I have a well with a 30/55 pressure switch, and I hate the shower pressure. I am redoing the main water appliances with a new pressure tank (going from 20 gallon to 35 gallon), new 40/60 pressure switch, a sediment filter, whole house filter and water softener.

Each appliance uses a 1" hookup and I'm worried about the flow. Should I use 1" PEX equivalent to 3/4 copper or go with 1" CPVC? I'm worried about all these appliances obstructing the flow.

From my well I have a pressure tank, then a sediment filter, then a whole house Morten filter, than a water softener.....with these appliances I don't want to lose flow....each has a 1" hookup on it and feed in is a 3/4 " copper......should I go with cpvc in between 1" or Pex 1"

  • I can only write about the showers, have you removed the water restrictors? That typically improves the water pressure greatly at the shower head. Water restrictors are in practically every faucet nowadays...
    – Jack
    Aug 29, 2015 at 4:20
  • I was going to try that after redoing my appliances.....need to change them do to winter freeze
    – Fred Socha
    Aug 29, 2015 at 13:57
  • Old thread here I see, but why put a sediment filter AFTER the pressure tank? Is it ok for sediment to accumulate in the tank and possibly clog the smaller orfice leading to the pressure switch? Main sediment filter should be first in line right after the water pump or main supply feed.
    – Ray
    Feb 19, 2023 at 13:35

3 Answers 3


I will usually feed the home with 1" but then drop down to 3/4" and have not had problems with flow. Most of the plumbing to your sinks is 1/2" and the orifices in the faucets are much smaller so even with the kitchen sink and a bathroom or 2 having there valves open you should not see much of a change in flow at all with 3/4". The one place that will affect the pressure is hose bibs or outside faucets these have much larger passageways in the valve than sinks do. Already mentioned the flow restrictors in shower heads, these are taken out at my house before even installing them. Not long ago I found a flow restrictor in a bath faucet, don't know how filling a tub slower would save water but that came out also. With my shower head restrictions remove our guests mention how nice our pressure is. 60 should be a big improvement over 50 but look at your restrictor if you have any build up issues like lime, scale or rust the head may need a good cleaning that and removing the showerhead restrictor will probably provide the results you want.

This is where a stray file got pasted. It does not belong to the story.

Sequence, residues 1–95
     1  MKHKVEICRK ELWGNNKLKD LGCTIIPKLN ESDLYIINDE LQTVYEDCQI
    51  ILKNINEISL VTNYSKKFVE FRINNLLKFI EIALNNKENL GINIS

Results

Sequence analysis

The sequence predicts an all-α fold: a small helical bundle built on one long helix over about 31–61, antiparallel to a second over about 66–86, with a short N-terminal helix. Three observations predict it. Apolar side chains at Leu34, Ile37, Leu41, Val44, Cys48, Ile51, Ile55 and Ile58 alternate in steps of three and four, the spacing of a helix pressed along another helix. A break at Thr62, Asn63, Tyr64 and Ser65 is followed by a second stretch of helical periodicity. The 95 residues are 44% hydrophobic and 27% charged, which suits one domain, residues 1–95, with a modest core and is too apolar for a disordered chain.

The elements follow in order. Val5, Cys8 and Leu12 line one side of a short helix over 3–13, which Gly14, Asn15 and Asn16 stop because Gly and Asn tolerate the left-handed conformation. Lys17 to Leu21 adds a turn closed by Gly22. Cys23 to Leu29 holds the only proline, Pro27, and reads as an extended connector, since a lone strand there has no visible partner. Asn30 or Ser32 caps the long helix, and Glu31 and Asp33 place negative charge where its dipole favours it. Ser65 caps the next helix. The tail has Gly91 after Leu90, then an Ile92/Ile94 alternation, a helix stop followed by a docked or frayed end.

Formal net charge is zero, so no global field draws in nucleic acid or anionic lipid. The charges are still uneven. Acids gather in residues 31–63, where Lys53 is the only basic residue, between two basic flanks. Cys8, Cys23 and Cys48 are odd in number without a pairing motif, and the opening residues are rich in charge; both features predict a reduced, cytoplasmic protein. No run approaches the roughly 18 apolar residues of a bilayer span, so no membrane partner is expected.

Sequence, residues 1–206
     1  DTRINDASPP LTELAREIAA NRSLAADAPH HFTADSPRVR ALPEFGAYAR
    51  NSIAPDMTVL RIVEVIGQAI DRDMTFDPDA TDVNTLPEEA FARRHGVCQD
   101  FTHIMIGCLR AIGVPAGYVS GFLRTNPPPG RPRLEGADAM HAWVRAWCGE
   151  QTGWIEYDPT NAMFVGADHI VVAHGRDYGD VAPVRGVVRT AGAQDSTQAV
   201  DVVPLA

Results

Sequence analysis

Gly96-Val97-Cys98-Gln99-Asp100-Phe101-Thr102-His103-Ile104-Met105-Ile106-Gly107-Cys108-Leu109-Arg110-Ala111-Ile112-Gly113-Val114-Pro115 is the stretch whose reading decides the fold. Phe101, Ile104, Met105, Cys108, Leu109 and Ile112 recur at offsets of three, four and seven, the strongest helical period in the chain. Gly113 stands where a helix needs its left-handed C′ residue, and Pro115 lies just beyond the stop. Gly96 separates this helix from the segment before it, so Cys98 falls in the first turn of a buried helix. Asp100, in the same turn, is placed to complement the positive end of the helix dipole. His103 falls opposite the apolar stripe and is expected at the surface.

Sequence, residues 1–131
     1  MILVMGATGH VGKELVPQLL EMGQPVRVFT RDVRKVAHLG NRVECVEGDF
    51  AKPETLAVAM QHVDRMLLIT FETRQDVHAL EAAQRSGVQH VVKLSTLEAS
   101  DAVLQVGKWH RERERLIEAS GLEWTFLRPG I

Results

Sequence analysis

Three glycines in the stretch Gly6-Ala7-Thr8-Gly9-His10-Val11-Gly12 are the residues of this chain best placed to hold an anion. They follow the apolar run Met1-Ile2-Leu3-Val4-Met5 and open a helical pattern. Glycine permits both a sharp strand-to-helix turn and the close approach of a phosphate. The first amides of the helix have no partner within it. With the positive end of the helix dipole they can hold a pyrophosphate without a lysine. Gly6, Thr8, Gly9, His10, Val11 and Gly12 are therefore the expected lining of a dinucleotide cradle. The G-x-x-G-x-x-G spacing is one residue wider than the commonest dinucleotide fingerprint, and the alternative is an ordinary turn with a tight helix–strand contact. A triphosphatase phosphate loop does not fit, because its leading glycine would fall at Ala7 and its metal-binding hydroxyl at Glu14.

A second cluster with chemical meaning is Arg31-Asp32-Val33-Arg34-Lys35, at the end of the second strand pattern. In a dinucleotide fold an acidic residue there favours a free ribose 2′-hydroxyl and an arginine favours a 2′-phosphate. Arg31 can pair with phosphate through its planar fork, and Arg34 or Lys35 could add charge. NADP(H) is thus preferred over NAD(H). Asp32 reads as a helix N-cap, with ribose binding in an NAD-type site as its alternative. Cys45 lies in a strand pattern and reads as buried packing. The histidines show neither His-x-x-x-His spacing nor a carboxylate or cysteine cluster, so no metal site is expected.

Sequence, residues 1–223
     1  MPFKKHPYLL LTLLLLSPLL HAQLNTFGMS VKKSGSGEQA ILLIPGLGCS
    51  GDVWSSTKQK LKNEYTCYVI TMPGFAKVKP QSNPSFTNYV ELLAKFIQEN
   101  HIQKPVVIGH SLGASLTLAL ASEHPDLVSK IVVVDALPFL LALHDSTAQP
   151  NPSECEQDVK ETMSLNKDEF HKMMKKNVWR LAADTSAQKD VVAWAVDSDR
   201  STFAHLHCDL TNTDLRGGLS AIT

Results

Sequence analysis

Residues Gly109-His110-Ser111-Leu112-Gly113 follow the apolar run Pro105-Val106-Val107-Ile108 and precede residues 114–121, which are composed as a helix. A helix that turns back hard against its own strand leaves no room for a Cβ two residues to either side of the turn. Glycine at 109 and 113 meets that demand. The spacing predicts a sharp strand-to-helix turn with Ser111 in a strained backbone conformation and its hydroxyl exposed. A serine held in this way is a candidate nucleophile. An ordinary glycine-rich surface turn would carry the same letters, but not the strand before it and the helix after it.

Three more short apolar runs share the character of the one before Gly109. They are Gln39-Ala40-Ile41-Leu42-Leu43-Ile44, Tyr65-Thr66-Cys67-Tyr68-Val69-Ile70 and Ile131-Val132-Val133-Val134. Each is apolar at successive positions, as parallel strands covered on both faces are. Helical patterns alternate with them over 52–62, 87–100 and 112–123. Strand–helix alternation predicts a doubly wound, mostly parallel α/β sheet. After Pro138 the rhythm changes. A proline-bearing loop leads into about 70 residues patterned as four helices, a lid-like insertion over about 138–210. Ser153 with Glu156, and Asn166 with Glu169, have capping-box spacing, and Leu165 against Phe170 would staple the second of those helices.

I haven't done the math but I'd say off-hand that unless the distances between the various items you listed is VERY long it will not impact your pressure. The filters and softener will most likely cause more of a pressure drop than using even 3/4" pipe for a short distance (since that is your input pipe diameter).

Pressure drop due to flow rate is dependent upon rate of flow and amount of restriction. If you have no flow then the pressure will be the same through out the system (assuming everything is at the same height). The greater the flow rate then the more the restrictions matter.

Also height differential can affect pressure (up or down) but this will be the same amount regardless of flow.


Go from a 1-1/2" line right off of the water heater, down to 3/8" if need be to your appliances.

  • 2
    This doesn't appear to answer the question. The OP never mentioned a water heater, and even if they had, the water heater would be hooked up to the output of the softener (the final appliance mentioned), not as the input to the first of them.
    – Niall C.
    Aug 29, 2015 at 23:52
  • I am looking to not restrict on the head end before going out to fixtures
    – Fred Socha
    Aug 30, 2015 at 17:54

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